Intel has spent Over the last few years it has had to jump from one mistake to another and outsource the production of its latest chips to its biggest competitors.

Now, to regain its former glory, the company is betting that it can run a series of difficult manufacturing shifts. But he also hopes the rebranding campaign will convince people that the competition is not far behind.

Intel CEO Pat Petrasinger laid out the roadmap for many of the chips at an event on Monday. It includes new technologies designed to help the company compete with TSMC, a Taiwanese chipmaker that currently makes the most advanced and high-performance computer chips, as well as Samsung in South Korea. The roadmap includes a timeline that will allow executives – and outsiders – to measure Intel’s progress.

In an early sign of success, Intel said Qualcomm and Amazon have agreed to become customers for its new foundry business, where Intel will make chips for other companies; Intel said it would start making chips for those companies in 2024. Gelsinger announced plans for a foundry business in March, after which he rejoined the company where he was once CTO. However, in a shameful move on how the company has lagged behind, Intel also plans to outsource the production of its most advanced chips to TSMC.

Gelsinger said Intel would adopt a new naming scheme for next-generation chips. Currently, chipmakers use the nanometer scale of new chip king processes or “nodes”, Intel uses what is now known as the 10-nanometer process, and TSMC uses what is called the 5-nanometer process.

Once the nanometer scale refers to the actual size of the transistor gate, continuous compression ensures better performance. (The nanometer is a billionth of a meter; human hair is 50,000 to 100,000 nanometers thick.) Intel founder Gordon Moore famously stated in 1965 that advances in chipmaking could be measured by the ability to shrink almost twice. Transistors on the chip every two years.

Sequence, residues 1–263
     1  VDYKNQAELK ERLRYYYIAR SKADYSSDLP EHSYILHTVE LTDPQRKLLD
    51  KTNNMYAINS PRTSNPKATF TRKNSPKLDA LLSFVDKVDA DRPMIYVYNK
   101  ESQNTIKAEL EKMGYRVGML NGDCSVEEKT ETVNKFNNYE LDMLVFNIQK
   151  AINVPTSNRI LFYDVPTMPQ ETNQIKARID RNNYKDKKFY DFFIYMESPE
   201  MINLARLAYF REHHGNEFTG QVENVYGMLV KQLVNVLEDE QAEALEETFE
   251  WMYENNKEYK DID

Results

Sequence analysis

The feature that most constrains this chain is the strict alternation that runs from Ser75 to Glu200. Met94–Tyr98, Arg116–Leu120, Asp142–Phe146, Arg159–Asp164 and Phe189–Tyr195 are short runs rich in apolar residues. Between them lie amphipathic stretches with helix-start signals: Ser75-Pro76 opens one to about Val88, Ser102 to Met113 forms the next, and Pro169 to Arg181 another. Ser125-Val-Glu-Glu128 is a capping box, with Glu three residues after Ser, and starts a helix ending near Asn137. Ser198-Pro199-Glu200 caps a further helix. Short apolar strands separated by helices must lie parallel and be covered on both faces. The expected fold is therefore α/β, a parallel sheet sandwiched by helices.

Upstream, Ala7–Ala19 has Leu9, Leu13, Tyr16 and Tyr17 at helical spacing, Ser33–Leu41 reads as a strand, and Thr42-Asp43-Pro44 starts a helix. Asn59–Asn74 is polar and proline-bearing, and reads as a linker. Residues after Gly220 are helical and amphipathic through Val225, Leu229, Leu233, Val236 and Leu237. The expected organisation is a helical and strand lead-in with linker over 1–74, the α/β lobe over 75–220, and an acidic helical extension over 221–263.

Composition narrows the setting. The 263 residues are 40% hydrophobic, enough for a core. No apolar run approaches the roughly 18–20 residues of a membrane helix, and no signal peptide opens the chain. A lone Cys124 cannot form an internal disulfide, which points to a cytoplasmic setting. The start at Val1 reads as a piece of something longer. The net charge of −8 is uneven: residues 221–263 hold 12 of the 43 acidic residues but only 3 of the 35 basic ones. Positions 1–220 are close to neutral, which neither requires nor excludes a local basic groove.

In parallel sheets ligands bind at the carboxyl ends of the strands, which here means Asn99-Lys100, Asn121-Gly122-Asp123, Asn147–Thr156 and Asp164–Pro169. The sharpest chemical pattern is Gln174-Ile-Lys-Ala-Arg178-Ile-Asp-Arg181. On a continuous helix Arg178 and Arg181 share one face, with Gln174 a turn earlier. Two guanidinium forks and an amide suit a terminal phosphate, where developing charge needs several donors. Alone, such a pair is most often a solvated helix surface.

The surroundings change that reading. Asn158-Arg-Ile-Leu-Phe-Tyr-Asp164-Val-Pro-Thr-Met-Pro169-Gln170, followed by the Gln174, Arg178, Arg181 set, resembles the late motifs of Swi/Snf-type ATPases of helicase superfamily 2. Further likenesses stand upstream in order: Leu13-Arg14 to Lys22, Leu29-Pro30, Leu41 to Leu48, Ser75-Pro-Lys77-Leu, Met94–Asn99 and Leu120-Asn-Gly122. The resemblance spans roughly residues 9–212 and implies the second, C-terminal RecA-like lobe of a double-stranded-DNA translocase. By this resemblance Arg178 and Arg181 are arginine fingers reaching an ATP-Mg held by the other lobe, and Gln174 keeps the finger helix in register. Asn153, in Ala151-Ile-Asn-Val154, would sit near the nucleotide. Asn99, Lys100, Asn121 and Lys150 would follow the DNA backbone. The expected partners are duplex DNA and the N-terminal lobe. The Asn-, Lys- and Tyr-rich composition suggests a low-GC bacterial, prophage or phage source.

But the nanometer scale no longer refers to the actual distance on the chip, and Intel and others say its current chips work like those built on TSMC’s 7-nanometer process. It plans to adopt a nomenclature that reflects this, with a new version of its 10 nanometer this year, called the Intel 7, which the company says will deliver 10 to 15 percent better performance per power vote. The next generation in 2023 and 2024 will be called Intel 4 and Intel 3. “

“There’s always the question of where marketing ends and where engineering begins, but this engineering is very much in reality,” Gelsinger told Wire before Monday’s announcement.

Stacey Rasgan, an analyst at Bernstein Research, says the technical roadmap presented by Gelsinger looks promising but will increase pressure on the company to run. “This is all great but the risk is that they get stuck in their throats and it goes wrong again,” he says.

Intel made a series of mistakes under its previous leadership. The company was slow to make changes to mobile computing, which lost market share with Arm, creating a blueprint for energy-efficient chips used by companies including Apple Pal, which uses iPhone, iPad and Arm-based chips. Some mixes.

Intel also became a protector with the rise of artificial intelligence. Nvidia, a “fableless” chip company, capitalizes on this trend with special chips for AI calculations. In July 2020, Nvidia surpassed Intel in market capitalization.

On the manufacturing side, Intel was slower than TSMC to adopt the latest method of etching features in silicon, known as Extreme Ultraviolet Lithography (EUV). On Monday, the company said it would increase the use of UVs, and acquired the first next-generation UV machine from Dutch company ASML, the sole manufacturer of UV machines. The initiative will be costly, as each UV machine costs about 120 120 million.